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Author Topic: OpenCore has a open-soruce SHA core...  (Read 3327 times)
em3rgentOrdr
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September 23, 2010, 08:07:48 PM
 #1

I was browsing OpenCores.org and saw that they have an open-source GPL SHA crypto cores:

Quote
Description

This is a collection of SHA(Secure Hash Algorithm) cores. These include SHA-1, SHA-2 algorithms.
These cores are non-pipelined version of SHA, and have simple interfaces with the host side.

Overview
  • Category: Crypto core
  • Language: Verilog
  • Development status: Beta
  • Additional info: Design done
  • WishBone Compliant: No
  • License: LGPL

Features
  • Support SHA-1(160), SHA-2(256/384/512)
  • Use a simple 32-bit I/O bus interface
  • High performance
  • Share hardware between different SHA processing
  • Can operate up to 200MHz at 0.18um Standard cell design
  • Written in VerilogHDL

You can download it here.  I'm thinking that it would be cool if someone put this on an FPGA (or even fabricated it) and have it set to constantly generate SHA hashes to find bitcoins Smiley.  Probably wouldn't be as fast as a TESLA running CUDA bitcoin generation, but the idea of having a dedicated bitcoin generator piece of hardware sounded cool to me Smiley.

Anyone have an FPGA and want to try this out?

(update: here's another free crypto core - Nugroho Free Hash Cores (NFHC) currently support SHA-1, SHA-256, SHA-512 from FIPS-180 standard.)

"We will not find a solution to political problems in cryptography, but we can win a major battle in the arms race and gain a new territory of freedom for several years.

Governments are good at cutting off the heads of a centrally controlled networks, but pure P2P networks are holding their own."
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nelisky
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September 23, 2010, 08:12:46 PM
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I've been meaning to dive into FPGAs for too long now... if there are no takers that have both the hardware and the time/inclination, I can be bribed into doing this in exchange for a dev board donation Smiley

I'm just saying...

In fact, this could be the start of a company selling bitcoin generators Wink
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September 23, 2010, 09:06:38 PM
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Problem for me is, I've got the hardware and software(got it to try this) but haven't been good enough with VHDL to figure out how to interface it between that and Bitcoin.
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September 23, 2010, 09:13:54 PM
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Problem for me is, I've got the hardware and software(got it to try this) but haven't been good enough with VHDL to figure out how to interface it between that and Bitcoin.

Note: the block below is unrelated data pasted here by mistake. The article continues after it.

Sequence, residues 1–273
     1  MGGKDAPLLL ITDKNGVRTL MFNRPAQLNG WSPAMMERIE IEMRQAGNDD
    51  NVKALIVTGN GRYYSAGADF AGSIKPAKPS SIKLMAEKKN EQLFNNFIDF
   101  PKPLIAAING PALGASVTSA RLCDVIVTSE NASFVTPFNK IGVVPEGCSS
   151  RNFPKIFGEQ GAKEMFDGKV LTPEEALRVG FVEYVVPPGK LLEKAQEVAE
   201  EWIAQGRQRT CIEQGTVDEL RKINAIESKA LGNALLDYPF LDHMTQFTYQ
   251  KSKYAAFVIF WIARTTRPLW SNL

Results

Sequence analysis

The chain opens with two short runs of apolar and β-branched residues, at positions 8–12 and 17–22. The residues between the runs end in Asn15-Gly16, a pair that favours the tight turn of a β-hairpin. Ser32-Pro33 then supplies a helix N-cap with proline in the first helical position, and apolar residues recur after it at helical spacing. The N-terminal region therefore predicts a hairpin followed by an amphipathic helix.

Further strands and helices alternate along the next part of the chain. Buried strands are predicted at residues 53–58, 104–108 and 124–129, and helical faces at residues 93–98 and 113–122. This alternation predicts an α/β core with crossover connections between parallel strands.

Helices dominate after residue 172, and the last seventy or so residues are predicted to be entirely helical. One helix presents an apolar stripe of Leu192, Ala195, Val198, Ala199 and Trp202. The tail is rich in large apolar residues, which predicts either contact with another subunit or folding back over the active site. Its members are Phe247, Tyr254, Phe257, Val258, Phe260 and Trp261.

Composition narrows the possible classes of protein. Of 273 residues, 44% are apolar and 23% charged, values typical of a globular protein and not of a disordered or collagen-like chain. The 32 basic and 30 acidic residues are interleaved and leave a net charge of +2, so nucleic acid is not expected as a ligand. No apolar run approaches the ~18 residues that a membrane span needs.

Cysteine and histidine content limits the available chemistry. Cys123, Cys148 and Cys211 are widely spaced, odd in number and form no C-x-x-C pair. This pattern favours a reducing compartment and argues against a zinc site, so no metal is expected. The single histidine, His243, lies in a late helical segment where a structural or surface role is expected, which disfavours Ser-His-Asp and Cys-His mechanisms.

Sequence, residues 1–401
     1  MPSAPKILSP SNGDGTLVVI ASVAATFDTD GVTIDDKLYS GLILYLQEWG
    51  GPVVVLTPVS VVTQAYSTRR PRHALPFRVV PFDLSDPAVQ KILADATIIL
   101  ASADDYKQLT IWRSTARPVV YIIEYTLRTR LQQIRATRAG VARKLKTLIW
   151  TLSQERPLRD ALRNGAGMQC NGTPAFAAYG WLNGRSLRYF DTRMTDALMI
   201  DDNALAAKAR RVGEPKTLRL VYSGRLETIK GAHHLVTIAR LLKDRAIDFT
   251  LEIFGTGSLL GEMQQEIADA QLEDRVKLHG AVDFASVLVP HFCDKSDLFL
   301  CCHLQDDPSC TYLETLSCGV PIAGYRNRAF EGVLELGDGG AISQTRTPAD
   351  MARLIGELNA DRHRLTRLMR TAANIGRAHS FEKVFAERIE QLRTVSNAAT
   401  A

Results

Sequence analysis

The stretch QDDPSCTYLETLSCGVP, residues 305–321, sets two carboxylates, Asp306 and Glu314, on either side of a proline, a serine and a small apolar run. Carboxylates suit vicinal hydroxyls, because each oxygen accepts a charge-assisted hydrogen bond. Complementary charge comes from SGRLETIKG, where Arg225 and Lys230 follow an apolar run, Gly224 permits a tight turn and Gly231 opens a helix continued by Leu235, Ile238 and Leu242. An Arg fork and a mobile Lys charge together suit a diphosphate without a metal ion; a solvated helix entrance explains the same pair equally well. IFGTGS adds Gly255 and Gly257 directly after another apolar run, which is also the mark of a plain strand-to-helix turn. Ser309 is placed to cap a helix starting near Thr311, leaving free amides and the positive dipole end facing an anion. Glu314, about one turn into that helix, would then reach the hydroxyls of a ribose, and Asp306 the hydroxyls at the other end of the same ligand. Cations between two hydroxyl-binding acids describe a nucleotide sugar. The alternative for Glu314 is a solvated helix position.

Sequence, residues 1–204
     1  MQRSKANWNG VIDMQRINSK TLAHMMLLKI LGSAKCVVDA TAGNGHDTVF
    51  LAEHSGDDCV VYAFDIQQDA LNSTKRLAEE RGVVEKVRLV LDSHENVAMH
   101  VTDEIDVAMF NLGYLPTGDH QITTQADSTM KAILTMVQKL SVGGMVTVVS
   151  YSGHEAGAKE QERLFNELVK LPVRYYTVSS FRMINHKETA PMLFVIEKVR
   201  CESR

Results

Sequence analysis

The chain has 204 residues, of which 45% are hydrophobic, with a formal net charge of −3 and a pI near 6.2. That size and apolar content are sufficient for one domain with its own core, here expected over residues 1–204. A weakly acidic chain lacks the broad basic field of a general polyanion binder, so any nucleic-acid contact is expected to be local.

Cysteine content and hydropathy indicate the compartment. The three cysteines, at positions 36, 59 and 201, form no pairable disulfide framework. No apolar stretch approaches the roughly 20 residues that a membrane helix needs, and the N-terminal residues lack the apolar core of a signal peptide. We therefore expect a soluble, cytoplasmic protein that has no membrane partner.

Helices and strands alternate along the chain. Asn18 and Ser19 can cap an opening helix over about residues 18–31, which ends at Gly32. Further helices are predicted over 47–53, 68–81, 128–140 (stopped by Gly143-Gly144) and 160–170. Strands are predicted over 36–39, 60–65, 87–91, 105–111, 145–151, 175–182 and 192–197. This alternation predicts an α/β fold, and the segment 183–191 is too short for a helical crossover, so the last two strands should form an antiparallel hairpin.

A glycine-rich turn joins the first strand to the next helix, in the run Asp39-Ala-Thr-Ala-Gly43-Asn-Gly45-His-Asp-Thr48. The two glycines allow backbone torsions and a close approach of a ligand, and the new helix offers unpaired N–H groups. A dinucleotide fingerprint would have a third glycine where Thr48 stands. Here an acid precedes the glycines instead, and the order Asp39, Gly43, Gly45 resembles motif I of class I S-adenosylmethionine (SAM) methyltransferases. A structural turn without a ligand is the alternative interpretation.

hmmm, for testing I would probably get a UART core and feed the half baked hash, the initial nonce and the 256bit min hash value. It would do one set of parallel hash calculations for incrementing nonces and return the nonce with the lowest hash. This would make interfacing with bitcoin pretty easy, especially after svn r154.
em3rgentOrdr
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September 24, 2010, 09:10:07 AM
 #5

I don't have an FPGA, or else I would do it myself...I'd like to see what type of results other people get...

On a related note, the recently released (Sept 20, 2010) Sparc T3 chip has 16 cores, each with a hardware cryptographic accelerator and 8 hardware threads per core...  I'm wondering how many Hashes/Sec you could get out of a T3 Server Smiley.  (on another related note, it is too bad that since Oracle bought Sun, now all their stuff is closed-source...the Sparc T1 and T2 were open-sourced GPL...)

"We will not find a solution to political problems in cryptography, but we can win a major battle in the arms race and gain a new territory of freedom for several years.

Governments are good at cutting off the heads of a centrally controlled networks, but pure P2P networks are holding their own."
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September 24, 2010, 08:47:25 PM
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*&^%$# Oracle Lips sealed

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Cdecker
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September 28, 2010, 11:02:33 AM
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*&^%$# Oracle Lips sealed
+1

Want to see what developers are chatting about? http://bitcoinstats.com/irc/bitcoin-dev/logs/
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